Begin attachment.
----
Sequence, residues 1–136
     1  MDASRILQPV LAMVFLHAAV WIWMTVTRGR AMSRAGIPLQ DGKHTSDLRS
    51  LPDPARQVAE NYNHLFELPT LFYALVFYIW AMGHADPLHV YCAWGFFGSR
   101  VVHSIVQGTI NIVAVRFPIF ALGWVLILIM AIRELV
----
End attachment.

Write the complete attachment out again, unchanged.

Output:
Sequence, residues 1–136
     1  MDASRILQPV LAMVFLHAAV WIWMTVTRGR AMSRAGIPLQ DGKHTSDLRS
    51  LPDPARQVAE NYNHLFELPT LFYALVFYIW AMGHADPLHV YCAWGFFGSR
   101  VVHSIVQGTI NIVAVRFPIF ALGWVLILIM AIRELV